Showing up late for your job interview is not a marketable skill


It was with heavy-but-understanding hearts that we received our front desk assistant’s news: she was giving her two-week notice.

Surprisingly, we weren’t surprised.  The commute across town in rush hour traffic and subsequent gas expenses were killing her, she said.  A previous familiar workplace a few minutes from her house guaranteed her full-time hours, compared to our 30-hour workweek.  She couldn’t turn it down.  I couldn’t blame her.  I might’ve done the same.  We wish her the very best.

Where did that leave us?  Back at Square One.  We knew that at some point, this day would come; after all, everything is temporary if you give it enough time.  In offices like ours, people come and go.  It’s not personal, just business.  It’s part of life.  But that doesn’t make it suck any less.

So, back to the drawing board.

Over the years, we’ve learned that even in a recession, good help is hard to find.  This goes doubly true when your payroll budget is smaller than most because you’re the sole practitioners, having no one else with which to share the costs.  Craigslist has been by far the best bang for the employment advertising buck.  We’ve found several excellent people through that service.  They were carefully selected, however, after kissing a lot of frogs and wading through a lot of lost causes.

Several hiring cycles ago, we received roughly 60 initial inquiries.  Of those, half did not follow the (extremely simple and straightforward) application instructions.  Of the remaining 30 applicants, 12 weren’t a good fit (their priorities were grossly incongruent with ours), 15 were simply looking to get paid to warm a seat and didn’t really care about the job itself, one didn’t return a phone call for an interview, and another one scheduled an interview, seemed all excited about it, but then just plum no-showed when the appointment time rolled around.  Which left exactly one shining star.  Out of 60.

This time was not much different, except that the numbers were greater.  We had roughly 120 applicants.  The bigger the pool, the better I feel, because of the laws of hiring statistics.  Of those, we sent employment applications to 60.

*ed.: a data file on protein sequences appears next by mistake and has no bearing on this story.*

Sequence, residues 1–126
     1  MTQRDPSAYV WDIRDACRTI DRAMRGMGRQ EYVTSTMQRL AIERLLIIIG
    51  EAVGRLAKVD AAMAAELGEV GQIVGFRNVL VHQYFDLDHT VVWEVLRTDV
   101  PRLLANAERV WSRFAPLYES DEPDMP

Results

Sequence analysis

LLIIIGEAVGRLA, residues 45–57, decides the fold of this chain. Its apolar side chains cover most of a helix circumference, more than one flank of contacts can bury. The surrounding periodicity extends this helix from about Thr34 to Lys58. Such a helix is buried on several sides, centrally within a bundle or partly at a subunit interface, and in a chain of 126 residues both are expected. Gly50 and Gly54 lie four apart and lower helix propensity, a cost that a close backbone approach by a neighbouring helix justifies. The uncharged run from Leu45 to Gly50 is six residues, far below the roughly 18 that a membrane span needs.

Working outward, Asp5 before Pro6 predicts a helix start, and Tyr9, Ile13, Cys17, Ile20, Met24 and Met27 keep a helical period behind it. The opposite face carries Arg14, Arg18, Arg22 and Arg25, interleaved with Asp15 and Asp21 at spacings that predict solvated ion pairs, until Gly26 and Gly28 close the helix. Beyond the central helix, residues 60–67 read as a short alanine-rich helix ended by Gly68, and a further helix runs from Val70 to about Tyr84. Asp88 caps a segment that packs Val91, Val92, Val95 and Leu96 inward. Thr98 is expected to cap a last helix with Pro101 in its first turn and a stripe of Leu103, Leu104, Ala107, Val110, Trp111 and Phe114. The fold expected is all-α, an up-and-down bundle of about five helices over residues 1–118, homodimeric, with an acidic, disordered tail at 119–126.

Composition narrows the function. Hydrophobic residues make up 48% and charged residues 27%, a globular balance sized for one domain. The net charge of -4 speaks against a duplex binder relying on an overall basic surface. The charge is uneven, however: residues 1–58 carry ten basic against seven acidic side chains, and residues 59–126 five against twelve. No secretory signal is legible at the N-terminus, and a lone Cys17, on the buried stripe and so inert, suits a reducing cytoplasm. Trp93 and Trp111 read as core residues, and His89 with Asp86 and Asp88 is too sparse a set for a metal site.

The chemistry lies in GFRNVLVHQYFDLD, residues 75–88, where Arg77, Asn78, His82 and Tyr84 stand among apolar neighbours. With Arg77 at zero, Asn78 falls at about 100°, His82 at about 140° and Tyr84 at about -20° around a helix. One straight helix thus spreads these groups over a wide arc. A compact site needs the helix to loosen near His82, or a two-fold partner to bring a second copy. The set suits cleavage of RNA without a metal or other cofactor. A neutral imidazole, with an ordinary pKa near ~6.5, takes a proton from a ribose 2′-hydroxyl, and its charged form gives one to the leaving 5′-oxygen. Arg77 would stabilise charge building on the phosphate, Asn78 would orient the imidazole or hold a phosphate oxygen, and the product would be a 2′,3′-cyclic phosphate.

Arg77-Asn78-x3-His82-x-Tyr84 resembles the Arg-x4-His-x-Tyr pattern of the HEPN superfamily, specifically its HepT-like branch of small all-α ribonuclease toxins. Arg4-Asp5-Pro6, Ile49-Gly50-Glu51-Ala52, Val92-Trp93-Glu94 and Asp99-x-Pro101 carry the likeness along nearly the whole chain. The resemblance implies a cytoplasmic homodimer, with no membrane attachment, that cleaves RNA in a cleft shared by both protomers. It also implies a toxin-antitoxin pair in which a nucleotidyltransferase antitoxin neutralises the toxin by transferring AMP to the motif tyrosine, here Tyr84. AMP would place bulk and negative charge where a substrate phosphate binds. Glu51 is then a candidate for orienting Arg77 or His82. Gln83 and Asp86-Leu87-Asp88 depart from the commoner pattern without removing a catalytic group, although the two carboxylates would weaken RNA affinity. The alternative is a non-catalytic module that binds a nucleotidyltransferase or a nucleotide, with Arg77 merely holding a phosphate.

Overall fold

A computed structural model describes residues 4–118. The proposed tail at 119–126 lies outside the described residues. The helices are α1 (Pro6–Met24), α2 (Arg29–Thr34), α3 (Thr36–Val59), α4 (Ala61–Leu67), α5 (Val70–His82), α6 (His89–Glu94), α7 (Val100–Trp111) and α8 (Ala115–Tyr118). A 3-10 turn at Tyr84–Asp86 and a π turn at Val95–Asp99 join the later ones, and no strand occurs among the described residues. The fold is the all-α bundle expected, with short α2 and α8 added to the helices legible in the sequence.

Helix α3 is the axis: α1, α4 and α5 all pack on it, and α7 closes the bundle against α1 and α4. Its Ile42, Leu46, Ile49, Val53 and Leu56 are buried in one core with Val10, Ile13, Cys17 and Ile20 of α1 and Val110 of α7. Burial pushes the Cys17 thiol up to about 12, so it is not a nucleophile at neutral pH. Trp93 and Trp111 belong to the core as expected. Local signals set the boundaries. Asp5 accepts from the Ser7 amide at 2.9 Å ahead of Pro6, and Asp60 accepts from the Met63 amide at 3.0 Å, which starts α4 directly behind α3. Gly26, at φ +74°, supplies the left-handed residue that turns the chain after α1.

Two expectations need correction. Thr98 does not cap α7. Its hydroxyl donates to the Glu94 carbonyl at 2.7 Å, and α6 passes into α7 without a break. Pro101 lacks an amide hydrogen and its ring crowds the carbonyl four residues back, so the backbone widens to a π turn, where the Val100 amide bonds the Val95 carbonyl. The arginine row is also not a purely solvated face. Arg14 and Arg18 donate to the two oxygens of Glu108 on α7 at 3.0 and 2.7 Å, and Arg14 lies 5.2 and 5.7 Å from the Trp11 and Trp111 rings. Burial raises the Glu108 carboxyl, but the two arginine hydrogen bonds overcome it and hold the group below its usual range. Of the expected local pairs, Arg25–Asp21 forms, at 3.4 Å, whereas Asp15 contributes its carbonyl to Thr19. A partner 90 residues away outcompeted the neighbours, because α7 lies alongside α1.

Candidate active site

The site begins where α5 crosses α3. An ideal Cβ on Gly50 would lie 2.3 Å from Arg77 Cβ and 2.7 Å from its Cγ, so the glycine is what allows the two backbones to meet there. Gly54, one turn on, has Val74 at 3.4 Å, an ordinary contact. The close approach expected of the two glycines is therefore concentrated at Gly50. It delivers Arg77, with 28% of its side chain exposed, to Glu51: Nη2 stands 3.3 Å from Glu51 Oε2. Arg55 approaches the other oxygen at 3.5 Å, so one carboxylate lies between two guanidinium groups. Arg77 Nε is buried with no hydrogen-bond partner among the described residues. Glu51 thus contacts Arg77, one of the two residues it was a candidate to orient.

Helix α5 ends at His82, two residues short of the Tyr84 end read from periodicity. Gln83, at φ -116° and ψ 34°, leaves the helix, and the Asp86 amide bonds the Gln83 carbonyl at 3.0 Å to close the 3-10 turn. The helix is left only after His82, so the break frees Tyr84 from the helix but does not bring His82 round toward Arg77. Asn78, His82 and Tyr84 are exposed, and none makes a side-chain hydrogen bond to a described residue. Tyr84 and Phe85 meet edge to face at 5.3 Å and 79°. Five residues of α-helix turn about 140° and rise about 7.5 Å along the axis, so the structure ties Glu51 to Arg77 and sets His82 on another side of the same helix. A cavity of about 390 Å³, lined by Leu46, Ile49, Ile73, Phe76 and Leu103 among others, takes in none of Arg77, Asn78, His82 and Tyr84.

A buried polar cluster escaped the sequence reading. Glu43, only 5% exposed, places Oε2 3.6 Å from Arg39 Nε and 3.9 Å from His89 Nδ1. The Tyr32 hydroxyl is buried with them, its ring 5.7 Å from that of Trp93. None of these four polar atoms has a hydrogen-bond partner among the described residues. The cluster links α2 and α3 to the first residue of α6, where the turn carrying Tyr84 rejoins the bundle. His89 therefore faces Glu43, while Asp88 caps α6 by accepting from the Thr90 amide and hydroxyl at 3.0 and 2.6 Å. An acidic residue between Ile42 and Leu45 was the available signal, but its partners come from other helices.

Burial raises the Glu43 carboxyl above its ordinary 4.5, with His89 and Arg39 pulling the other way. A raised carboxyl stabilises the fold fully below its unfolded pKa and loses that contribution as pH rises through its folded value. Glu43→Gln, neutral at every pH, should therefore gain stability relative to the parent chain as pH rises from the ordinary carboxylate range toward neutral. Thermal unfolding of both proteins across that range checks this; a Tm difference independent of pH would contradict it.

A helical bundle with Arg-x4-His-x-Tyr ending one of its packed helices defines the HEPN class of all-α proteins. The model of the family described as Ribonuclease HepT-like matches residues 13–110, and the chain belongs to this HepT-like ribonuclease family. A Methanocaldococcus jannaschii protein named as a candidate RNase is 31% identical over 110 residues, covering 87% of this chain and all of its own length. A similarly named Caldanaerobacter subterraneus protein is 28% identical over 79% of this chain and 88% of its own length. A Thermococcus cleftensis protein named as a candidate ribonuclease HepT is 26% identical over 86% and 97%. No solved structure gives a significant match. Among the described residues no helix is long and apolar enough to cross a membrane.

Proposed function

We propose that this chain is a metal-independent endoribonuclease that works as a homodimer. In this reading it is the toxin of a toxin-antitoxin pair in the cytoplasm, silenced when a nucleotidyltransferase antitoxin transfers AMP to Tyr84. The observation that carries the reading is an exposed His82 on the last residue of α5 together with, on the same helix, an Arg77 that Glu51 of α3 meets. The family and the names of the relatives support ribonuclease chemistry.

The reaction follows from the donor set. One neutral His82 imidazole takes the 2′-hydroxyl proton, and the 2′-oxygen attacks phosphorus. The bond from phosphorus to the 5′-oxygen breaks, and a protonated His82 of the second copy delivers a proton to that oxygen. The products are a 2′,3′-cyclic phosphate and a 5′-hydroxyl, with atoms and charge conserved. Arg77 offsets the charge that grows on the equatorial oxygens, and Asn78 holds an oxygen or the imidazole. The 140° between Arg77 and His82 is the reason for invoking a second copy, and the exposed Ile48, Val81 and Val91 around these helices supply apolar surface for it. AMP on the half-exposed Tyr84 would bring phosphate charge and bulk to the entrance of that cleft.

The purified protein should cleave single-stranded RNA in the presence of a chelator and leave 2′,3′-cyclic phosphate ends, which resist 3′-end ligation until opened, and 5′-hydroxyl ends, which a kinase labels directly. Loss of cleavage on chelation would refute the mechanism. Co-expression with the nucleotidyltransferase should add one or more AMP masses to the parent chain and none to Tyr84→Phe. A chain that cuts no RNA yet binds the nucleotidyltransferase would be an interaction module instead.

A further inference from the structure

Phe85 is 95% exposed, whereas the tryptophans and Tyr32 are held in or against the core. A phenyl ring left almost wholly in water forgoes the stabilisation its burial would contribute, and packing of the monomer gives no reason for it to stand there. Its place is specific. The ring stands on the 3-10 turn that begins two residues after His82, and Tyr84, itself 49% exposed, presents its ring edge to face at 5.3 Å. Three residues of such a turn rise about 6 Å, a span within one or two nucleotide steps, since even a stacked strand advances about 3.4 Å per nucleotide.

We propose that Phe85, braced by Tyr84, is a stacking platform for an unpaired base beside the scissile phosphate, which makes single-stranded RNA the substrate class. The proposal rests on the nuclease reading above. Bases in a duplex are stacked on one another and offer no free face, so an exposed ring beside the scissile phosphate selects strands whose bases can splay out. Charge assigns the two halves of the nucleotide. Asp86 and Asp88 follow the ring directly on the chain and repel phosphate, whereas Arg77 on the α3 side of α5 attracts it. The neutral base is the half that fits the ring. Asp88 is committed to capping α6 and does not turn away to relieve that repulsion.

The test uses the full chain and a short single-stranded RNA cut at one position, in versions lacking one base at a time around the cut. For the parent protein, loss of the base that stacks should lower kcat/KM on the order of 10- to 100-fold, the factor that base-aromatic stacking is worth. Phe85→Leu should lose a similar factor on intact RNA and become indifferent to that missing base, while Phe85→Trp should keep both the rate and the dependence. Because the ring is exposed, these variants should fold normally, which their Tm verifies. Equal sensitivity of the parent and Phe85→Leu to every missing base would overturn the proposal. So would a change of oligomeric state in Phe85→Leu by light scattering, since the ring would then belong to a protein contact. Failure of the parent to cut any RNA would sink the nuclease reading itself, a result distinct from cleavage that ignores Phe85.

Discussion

We received about 25 application packets by the deadline we gave.  Of the 25, all but 8 were rather unrealistic in terms of salary.  Of the 8, we scheduled 7 interviews (one never called us back).  Of the 7 we scheduled, 5 showed up (never heard from the other two).  Of those 5, we liked 4.

Of those 4, we scheduled second interviews; 2 called us back and were interviewed a second time.  A third called us back several days after the deadline we gave, apologizing and kicking herself, but unfortunately, she’d knocked herself out of the running, because the other two interviews were already finished and a decision had been made.  Which again left one, this time out of 120.

People, we need to stop whining about how there are no jobs available.  There are.  In fact, there are numerous companies looking to hire decent people right now.  Granted, many of these jobs are service-oriented and not too glamorous.  There may not be much upward mobility available.  But it’s a job.

And let’s face it: America is becoming a largely service-oriented economy, with 80% of its jobs being service-related.  For all the complaining going on, one would assume the job climate was downright anemic, but it’s not.  Want a piece of the action?  Since it’s obvious that many people don’t possess any once-expected traits of common sense and they’re not making up for this deficit by pouring over career advice blogs or other job assistance resources, I thought I’d throw some suggestions out there.